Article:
I left my Uk Car in Italy most of this year.The insurance would have reverted to basic liability after 60 days,I asked the question when renewing!. I sorned it after the tax ran out in August I could not retax it in August as the MOT ran out in late September.I drove back  a couple of weeks back having booked the Mot the day before I returned.Moted it the day after we returned and taxed it same day online for 12 months.I have had nothing in the post yet and doubt very much wether the prosecution would see it as worth the effort.It was never without valid Tax for the Months it was in the UK bar 10 hours which was sorted and back dated to beginning of the month.Always been insured and that leaves the MOT.Well If I have not posted anything in the next week ,there is nothing to report, Notice of Intended Prosecution required within 7 days and all that.My only concern was ,IF I was involved in an accident, what the concequences would have been.It was on my mind so I took the Palermo/Genoa ferry to reduce the risk.I will say the MOT was an oversight,I normally always have one and will be a bit more vigilant in future.  

    It seems thjere is a real 'Catch 22' conundrum about cars used in Italian second homes for residents in other EU countries.  As I understand it:-you must be resident in Italy to register a car in Italy-it is illegal to drive a UK registered car left for more than180 days in Italy-you must be resident in Italy to register a car in ItalySo there is no legal way to leave a UK registered car in Italy for multiple uses over the year even if you take it back to the UK each year for its MOT and keep it taxed in the UK, both of which we do. Conversely we would not be allowed to register a car in Italy as we are not resident in Italy.We also get special insurance that allows us to keep the car in Italy throughout the year.  We've tried to be fully compliant with all laws but suspect that this is logically impossible.Compared with some of the dafter things the EU initiates, having a basic 'EU car compliance test' document based on a test which could be taken in any EU country and be recognised by all insurers and national road tax authorities would actually help us behave more like joined-up Europeans. Not holding my breath...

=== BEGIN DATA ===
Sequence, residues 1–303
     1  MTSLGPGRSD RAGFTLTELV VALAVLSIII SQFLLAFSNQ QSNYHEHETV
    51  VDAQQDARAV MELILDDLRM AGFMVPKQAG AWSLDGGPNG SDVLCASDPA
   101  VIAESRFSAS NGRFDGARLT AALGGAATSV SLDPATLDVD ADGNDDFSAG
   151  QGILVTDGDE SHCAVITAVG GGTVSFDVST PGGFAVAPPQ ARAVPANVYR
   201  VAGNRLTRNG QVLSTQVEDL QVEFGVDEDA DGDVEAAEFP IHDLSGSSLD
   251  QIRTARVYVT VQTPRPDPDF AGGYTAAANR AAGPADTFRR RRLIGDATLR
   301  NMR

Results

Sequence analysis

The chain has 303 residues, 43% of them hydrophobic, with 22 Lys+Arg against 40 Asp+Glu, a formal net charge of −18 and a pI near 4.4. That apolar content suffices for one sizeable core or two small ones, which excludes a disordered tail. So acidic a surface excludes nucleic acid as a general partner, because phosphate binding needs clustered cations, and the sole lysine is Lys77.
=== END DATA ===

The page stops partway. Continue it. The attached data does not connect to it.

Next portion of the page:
It seems there is a real 'Catch 22' conundrum Wholeheartedly agree. There's no logical reason why the DVLA shouldn't accept revisione in order to tax your car.It gets worse - I recently brought my UK reg lhd Panda back to UK for MoT and it failed because the foglight is on the wrong side. We had to have a separate foglight added in order to pass. However, for MoT it needs to be wired up to the existing foglight switch so as to get the telltale light on the dash - which means that the correct (for Italy) foglight can't work.Similarly, the headlights need converters to shine UK fashion, which makes the car much less ideal for Italy. Given that I only use it in Europe, the conversion to UK spec is just silly.All of which makes me wonder whether I should just go for a UK spec rhd car and be totally out of kilter, just to avoid the hassle.TK